2. All, I'm usually reluctant to post studies that try to associate single nucleotide polymorphisms (SNPs) with health or longevity outcomes. There are several reasons to be skeptical of such gene studies, including: They often fail to replicate across different populations The effects of individual SNP variations are often quite small - since there are usually many genes and polymorphisms that contribute to any important health/longevity outcome Often it's not even clear from the study what the specific allele variation(s) the authors are evaluating You often can't even find out what variant of an allele you have - since only some of us have our own genetic data and even that is only partial coverage through 23andMe. There is nothing you can do about it anyway - your genes are your genes. These polymorphisms and their effects often have nothing to do with CR. But this new meta-analysis [1] posted by Al Pater (thanks Al!) seems to suffer from none of these shortcomings. It focuses on a SNP in the FoxO3 gene (rs2802292) which has been previously associated with longevity - is it overrepresented in centenarians [2], as discussed here, and summarized as: [T]he odds ratio for reaching 100 years of age for rs2802292(G;G) vs (T;T) carriers was 2.75 (p = 0.00009; adjusted p = 0.00135). One's odds of living to 100 with one copy of 'G' for rs2802292 (i.e. G:T), appears to be about 1.5-2 times greater than people with T:T. Those results were encouraging, but didn't address causality, and was limited to a homogeneous population of men. Plus it only seemed relevant for people without other 'gotchas' (genetic or otherwise) that might kill them off long before reaching 100. What about the rest of us mortals, who may not be destined to live that long? Does having copies of the 'G' allele for rs2802292 do the rest of us any good on the way to extreme longevity? Apparently - Yes! Study [1] followed three pretty large groups of Americans with Japanese (N ≈ 3600), Caucasian (N ≈ 1600), or African (N ≈ 1000) ancestory for 17 years to assess the association between SNP rs2802292 status and mortality. Interestingly, the frequency of being a lucky 'G' Allele Carrier (GAC) for this SNP varied between the three populations - 47% of Japanese, 58% of Caucasian and 92% of African ancestry folks were GACs. Across all three populations, being a GAC was associated with a 10% reduction in all-cause mortality over the 17 year follow-up, with virtually all of the benefit resulting from a 26% reduction in heart disease mortality. Here is the most important figure from the free full text: As you can see the effect was quite consistent across the three populations. The difference in the confidence interval for the three groups was a result of the different population sizes. The cool thing is that those of us with 23andMe data can find out our status for SNP rs2802292. Simply log in to 23andMe and follow this link. I'm fortunate to be in the ~60% of caucasian people who is a 'G' carrier for this allele (I've got one copy). But for anyone who isn't lucky enough to be a GAC for this allele, there is still hope. Why? Because FoxO3 gene activity is something we know quite a bit about, including ways of boosting its activity, like the G allele for rs2802292 apparently does. Curiously, cider vinegar appears to upregulate DAF-16, the C. Elegans equivalent of FoxO3, which in turn resulted in the worms living 25% longer, as discussed here. So maybe cider vinegar is worth including in one's diet. I do. But even more relevant, we know that both CR and cold exposure increase FoxO3 gene expression largely by upregulating SIRT1, as discussed recently here. So everybody wins! --Dean ------------------ [1] The FoxO3 gene and cause-specific mortality. Willcox BJ, Tranah GJ, Chen R, Morris BJ, Masaki KH, He Q, Willcox DC, Allsopp RC, Moisyadi S, Poon LW, Rodriguez B, Newman AB, Harris TB, Cummings SR, Liu Y, Parimi N, Evans DS, Davy P, Gerschenson M, Donlon TA. Aging Cell. 2016 Apr 13. doi: 10.1111/acel.12452. [Epub ahead of print] Free Article http://onlinelibrary.wiley.com/doi/10.1111/acel.12452/full http://onlinelibrary.wiley.com/doi/10.1111/acel.12452/pdf Abstract The G allele of the FOXO3 single nucleotide polymorphism (SNP) rs2802292 exhibits a consistently replicated genetic association with longevity in multiple populations worldwide. The aims of this study were to quantify the mortality risk for the longevity-associated genotype and to discover the particular cause(s) of death associated with this allele in older Americans of diverse ancestry. It involved a 17-year prospective cohort study of 3584 older American men of Japanese ancestry from the Honolulu Heart Program cohort, followed by a 17-year prospective replication study of 1595 white and 1056 black elderly individuals from the Health Aging and Body Composition cohort. The relation between FOXO3 genotype and cause-specific mortality was ascertained for major causes of death including coronary heart disease (CHD), cancer, and stroke. Age-adjusted and multivariable Cox proportional hazards models were used to compute hazard ratios (HRs) for all-cause and cause-specific mortality. We found G allele carriers had a combined (Japanese, white, and black populations) risk reduction of 10% for total (all-cause) mortality (HR = 0.90; 95% CI, 0.84-0.95; P = 0.001). This effect size was consistent across populations and mostly contributed by 26% lower risk for CHD death (HR = 0.74; 95% CI, 0.64-0.86; P = 0.00004). No other causes of death made a significant contribution to the survival advantage for G allele carriers. In conclusion, at older age, there is a large risk reduction in mortality for G allele carriers, mostly due to lower CHD mortality. The findings support further research on FOXO3 and FoxO3 protein as potential targets for therapeutic intervention in aging-related diseases, particularly cardiovascular disease. KEYWORDS: FOXO3; heart disease; longevity; mortality PMID: 27071935 -------------- [2] Proc Natl Acad Sci U S A. 2008 Sep 16;105(37):13987-92. doi: 10.1073/pnas.0801030105. Epub 2008 Sep 2. FOXO3A genotype is strongly associated with human longevity. Willcox BJ(1), Donlon TA, He Q, Chen R, Grove JS, Yano K, Masaki KH, Willcox DC, Rodriguez B, Curb JD. Author information: (1)Pacific Health Research Institute, 846 South Hotel Street, Honolulu, HI 96813, USA. bjwillcox@phrihawaii.org Human longevity is a complex phenotype with a significant familial component, yet little is known about its genetic antecedents. Increasing evidence from animal models suggests that the insulin/IGF-1 signaling (IIS) pathway is an important, evolutionarily conserved biological pathway that influences aging and longevity. However, to date human data have been scarce. Studies have been hampered by small sample sizes, lack of precise phenotyping, and population stratification, among other challenges. Therefore, to more precisely assess potential genetic contributions to human longevity from genes linked to IIS signaling, we chose a large, homogeneous, long-lived population of men well-characterized for aging phenotypes, and we performed a nested-case control study of 5 candidate longevity genes. Genetic variation within the FOXO3A gene was strongly associated with human longevity. The OR for homozygous minor vs. homozygous major alleles between the cases and controls was 2.75 (P = 0.00009; adjusted P = 0.00135). Long-lived men also presented several additional phenotypes linked to healthy aging, including lower prevalence of cancer and cardiovascular disease, better self-reported health, and high physical and cognitive function, despite significantly older ages than controls. Several of these aging phenotypes were associated with FOXO3A genotype. Long-lived men also exhibited several biological markers indicative of greater insulin sensitivity and this was associated with homozygosity for the FOXO3A GG genotype. Further exploration of the FOXO3A gene, human longevity and other aging phenotypes is warranted in other populations. PMCID: PMC2544566 PMID: 18765803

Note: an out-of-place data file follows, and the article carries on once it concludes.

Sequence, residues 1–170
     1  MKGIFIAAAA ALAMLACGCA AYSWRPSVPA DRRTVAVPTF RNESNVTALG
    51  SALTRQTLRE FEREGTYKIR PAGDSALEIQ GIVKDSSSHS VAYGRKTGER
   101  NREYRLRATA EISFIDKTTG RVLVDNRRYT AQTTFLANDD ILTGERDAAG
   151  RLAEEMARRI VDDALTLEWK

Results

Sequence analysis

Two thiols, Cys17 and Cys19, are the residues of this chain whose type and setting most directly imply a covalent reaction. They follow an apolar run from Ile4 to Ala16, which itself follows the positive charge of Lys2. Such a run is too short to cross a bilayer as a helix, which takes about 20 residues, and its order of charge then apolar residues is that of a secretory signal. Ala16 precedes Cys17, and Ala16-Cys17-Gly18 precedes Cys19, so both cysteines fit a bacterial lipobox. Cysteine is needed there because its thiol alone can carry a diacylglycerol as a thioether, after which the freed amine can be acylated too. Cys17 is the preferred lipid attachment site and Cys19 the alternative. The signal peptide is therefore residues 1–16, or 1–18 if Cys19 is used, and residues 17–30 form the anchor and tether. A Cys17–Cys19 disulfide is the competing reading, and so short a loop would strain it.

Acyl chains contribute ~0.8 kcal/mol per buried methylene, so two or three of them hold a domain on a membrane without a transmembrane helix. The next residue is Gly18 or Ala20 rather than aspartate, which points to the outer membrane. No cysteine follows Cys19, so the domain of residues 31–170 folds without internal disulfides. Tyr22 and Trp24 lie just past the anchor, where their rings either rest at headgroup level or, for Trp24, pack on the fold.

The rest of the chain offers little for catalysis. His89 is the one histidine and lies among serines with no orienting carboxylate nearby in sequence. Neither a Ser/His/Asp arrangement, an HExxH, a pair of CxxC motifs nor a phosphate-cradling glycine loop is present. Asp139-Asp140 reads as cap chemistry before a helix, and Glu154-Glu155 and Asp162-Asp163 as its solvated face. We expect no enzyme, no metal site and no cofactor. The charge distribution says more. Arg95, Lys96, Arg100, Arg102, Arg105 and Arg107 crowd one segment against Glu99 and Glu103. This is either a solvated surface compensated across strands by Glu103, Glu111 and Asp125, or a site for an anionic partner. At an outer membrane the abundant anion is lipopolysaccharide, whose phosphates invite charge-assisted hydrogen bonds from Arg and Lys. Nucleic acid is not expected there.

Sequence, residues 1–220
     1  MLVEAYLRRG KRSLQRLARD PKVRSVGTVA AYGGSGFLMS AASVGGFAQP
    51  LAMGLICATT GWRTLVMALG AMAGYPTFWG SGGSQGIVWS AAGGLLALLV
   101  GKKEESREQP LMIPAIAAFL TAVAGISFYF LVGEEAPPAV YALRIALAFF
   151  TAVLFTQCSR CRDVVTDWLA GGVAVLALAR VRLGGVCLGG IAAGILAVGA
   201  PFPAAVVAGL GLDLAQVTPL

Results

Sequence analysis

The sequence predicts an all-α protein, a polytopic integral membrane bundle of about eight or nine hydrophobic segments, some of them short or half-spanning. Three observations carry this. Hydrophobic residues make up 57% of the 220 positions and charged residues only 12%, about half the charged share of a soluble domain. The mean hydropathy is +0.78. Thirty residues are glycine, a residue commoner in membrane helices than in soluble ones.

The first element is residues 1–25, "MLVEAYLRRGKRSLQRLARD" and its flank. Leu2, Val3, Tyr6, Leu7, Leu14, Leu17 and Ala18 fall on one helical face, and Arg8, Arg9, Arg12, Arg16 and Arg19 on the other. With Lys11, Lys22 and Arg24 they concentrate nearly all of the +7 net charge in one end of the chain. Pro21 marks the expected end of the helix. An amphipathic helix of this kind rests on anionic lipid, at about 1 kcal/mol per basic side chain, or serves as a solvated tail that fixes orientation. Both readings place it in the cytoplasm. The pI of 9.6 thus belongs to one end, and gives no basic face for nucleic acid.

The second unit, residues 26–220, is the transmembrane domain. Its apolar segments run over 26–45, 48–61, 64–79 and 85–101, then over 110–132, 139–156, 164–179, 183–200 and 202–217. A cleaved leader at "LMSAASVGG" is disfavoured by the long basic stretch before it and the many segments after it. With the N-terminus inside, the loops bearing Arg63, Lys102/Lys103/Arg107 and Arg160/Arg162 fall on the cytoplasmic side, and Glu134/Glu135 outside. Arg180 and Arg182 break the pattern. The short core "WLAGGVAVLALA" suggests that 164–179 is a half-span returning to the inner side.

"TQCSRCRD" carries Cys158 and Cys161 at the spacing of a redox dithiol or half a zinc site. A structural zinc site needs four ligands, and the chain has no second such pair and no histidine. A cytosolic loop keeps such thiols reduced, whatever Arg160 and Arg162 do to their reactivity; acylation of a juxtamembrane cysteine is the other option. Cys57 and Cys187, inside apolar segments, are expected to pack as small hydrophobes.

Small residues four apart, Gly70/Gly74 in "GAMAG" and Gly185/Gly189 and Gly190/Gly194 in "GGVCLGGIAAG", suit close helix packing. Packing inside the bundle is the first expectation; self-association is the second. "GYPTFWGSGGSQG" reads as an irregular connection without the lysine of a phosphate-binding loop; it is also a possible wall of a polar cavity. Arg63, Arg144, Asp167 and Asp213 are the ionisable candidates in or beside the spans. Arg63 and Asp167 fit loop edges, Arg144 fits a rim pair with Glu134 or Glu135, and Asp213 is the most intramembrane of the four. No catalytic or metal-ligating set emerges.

3. Dean Pomerleau